The last year has presented an upward battle for farmers and landowners, to say the least.
They have had to grapple with sky-high fertiliser, fuel and energy prices with little to no support from the government, which failed to insulate the sector following the loss of post-Brexit subsidies.
With this in mind, it was ambitious to think that last month’s NFU conference would be a resounding success and bring the Conservative’s “green hedge” voter base back into the fold.
And a tall order it was. DEFRA Secretary Therese Coffey’s speech was heralded as a “slow-motion tractor crash”, and the government was accused by the opposition of having “given up on farmers”.
The time to support farmers is now
A year on from the Russian invasion of Ukraine, farmers have been plagued with escalating costs, and supply-chain issues, all the while dealing with the fallout from the loss of EU subsidies post-Brexit. At the conference, NFU president, Minette Batters, announced that the “clock is ticking” for the government to support farmers.
Yet nothing of substance has materialised since, and in particular, many in the food production space are not being recognised as high-intensive energy users, meaning they, therefore, are not eligible for some of the energy subsidies.
Additionally, the announcement of the Environmental Land Management schemes (ELMs) in January, made up of the Sustainable Farming Incentive, Landscape Recovery Scheme, and the Countryside Stewardship scheme, was promising as it provided some much-needed clarity.
However, it has already come under fire for not accommodating all types of farming and has especially been accused of excluding hill and lowland common farmers.
It’s clear that British agriculture is at an important juncture, and we must insulate the entirety of the industry if we’re to futureproof it from further volatility.
Making room for renewables
Farmers can better establish financial security by hosting a clean energy project on their land.
There is a common misconception that this will take away from the land required for traditional practices; however, this is not the case.
If the UK were to be powered entirely by renewable energy, only 2.1% of the total landmass would be required.
Projects, such as ground-mounted solar, can often sit alongside traditional farming practices allowing livestock to graze and insects and wildlife such as birds, hedgehogs and field mice to thrive.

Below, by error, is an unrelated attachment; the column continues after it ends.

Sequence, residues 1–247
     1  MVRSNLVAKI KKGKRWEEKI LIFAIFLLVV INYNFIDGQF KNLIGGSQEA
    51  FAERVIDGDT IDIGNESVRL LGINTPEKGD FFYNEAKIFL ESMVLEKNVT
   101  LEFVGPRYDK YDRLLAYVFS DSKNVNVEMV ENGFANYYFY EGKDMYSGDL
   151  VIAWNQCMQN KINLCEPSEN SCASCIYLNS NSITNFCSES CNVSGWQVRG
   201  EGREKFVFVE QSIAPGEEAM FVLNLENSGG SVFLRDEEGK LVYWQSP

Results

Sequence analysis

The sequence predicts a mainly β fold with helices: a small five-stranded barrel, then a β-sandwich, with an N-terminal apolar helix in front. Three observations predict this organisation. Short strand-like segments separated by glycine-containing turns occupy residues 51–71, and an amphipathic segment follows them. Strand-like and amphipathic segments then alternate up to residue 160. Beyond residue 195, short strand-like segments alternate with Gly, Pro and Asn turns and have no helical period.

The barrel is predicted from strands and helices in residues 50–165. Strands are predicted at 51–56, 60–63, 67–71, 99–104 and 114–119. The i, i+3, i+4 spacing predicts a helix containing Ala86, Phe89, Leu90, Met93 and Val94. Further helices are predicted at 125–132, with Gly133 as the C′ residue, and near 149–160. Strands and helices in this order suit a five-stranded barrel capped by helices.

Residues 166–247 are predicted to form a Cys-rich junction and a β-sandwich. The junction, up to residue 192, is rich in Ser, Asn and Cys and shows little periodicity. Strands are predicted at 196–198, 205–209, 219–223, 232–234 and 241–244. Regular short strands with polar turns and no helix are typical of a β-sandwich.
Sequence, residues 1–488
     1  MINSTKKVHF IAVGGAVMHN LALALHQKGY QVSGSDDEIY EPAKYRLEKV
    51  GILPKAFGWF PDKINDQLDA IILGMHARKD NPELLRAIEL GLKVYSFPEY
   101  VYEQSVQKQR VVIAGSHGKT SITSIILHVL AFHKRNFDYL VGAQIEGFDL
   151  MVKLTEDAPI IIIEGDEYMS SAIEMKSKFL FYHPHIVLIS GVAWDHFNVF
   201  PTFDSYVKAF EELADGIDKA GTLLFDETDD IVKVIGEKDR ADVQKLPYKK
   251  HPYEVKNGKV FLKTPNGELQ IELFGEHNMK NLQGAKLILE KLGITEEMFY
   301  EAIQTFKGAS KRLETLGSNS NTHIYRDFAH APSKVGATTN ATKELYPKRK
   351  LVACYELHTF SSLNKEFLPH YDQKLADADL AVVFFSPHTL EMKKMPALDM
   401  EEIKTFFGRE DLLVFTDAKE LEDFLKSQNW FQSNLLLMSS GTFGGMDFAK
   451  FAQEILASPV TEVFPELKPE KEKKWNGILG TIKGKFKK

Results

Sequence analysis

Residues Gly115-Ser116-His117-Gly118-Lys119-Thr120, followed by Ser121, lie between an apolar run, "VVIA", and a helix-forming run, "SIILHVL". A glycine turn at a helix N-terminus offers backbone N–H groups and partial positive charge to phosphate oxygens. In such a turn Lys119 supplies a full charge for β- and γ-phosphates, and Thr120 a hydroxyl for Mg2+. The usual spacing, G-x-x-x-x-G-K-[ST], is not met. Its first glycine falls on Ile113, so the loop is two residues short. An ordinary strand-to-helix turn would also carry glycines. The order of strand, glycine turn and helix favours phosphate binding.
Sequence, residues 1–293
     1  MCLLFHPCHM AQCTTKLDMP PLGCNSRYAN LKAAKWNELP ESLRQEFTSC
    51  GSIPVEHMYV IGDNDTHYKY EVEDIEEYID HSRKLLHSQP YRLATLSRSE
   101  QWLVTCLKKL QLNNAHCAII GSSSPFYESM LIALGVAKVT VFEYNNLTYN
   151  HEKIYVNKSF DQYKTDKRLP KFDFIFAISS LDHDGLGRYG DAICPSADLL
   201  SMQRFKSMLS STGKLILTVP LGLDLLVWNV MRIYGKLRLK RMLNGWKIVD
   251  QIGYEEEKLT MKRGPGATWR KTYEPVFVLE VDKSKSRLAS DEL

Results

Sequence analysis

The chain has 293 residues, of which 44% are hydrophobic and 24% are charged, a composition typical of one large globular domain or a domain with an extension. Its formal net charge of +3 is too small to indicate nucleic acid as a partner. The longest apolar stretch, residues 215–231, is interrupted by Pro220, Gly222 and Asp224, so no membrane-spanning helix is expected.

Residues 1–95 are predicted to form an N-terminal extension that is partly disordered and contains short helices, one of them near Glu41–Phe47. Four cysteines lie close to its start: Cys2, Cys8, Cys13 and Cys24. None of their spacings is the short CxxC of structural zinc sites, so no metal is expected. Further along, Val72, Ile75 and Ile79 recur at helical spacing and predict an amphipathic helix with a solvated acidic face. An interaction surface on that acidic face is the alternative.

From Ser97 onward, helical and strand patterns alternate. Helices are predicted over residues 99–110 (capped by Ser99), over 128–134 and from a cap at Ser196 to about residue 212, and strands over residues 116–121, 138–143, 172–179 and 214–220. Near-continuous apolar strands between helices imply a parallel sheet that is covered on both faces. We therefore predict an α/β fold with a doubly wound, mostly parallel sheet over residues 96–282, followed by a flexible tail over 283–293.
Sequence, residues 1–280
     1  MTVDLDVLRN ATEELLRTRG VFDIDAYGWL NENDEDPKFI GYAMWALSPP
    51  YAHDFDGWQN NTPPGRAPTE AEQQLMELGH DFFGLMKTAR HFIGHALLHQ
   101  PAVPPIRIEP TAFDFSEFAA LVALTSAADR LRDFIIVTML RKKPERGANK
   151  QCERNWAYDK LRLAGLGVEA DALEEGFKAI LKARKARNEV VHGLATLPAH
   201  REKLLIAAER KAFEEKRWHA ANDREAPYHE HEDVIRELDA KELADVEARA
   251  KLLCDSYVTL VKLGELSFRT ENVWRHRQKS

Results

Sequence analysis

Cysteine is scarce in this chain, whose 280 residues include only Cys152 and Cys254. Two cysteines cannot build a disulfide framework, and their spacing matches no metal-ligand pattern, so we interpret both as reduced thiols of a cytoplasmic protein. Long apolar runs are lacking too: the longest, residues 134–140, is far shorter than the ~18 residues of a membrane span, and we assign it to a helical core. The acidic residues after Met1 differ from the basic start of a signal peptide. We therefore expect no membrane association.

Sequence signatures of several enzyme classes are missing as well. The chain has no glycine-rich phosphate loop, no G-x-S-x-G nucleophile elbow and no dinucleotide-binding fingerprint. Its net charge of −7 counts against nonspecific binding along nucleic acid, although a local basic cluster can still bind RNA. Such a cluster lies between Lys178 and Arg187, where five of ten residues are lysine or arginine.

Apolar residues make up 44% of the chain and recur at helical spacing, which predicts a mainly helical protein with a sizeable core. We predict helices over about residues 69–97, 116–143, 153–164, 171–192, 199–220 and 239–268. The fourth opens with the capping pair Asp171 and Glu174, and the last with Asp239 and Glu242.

Conveniently, this complements both the need to boost biodiversity and clean our energy system, proving the synergy of farming and renewables.
Land diversification and the requirement to accommodate clean energy projects will always be integral to a sustainable future – both for the UK itself and the agricultural industry.
Farmers can actively be a part of the solution whilst also benefitting themselves.
Future of farming
Farmers’ ability to feed the nation will be compromised if their situation doesn’t change financially.
As mentioned, farmers are facing record-high prices across the board, from fuel to fertiliser, and this is without being recognised as high-energy users.
As farmers face new challenges with our volatile economy and rapidly changing climate, there are new opportunities to consider to lock in reliable income for land.
Per year, a typical crop yield can bring in an average of £1,500 per hectare.
Solar projects, which sit on grade 3, 4 or 5 land, can provide comparable yields, whether in place of farming or in parallel with more traditional crop production and grazing.
Beyond solar, farmland also is suitable for battery storage projects, an essential tool as we move away from volatile international gas markets and towards more renewable sources of energy.
Not only will this help financially future-proof farming, but it will also ensure a sustainable future for the sector.
A unique approach
Farmers in the UK will likely, at some point in the last few years, have been approached by a renewable energy developer and, therefore, will be aware in some capacity of the financial benefits they offer.
In some instances, they will have been told their land is not suitable for hosting clean energy.
However, taking a truly tailored approach when assessing the type of renewable option is essential to ensure all avenues have been explored.
As mentioned, those in the food production space, who have high consumption and are struggling to meet demand due to supply chain issues or high energy prices, could be suited to a behind-the-meter solution.
These offer on-site generation that is connected directly as opposed to connected to the grid, which in turn creates less reliance on large, expensive energy companies.
A commitment to finding the correct solution requires agility from developers and cooperation from farmers.
In lockstep, we can ensure the stability of our food and energy system.
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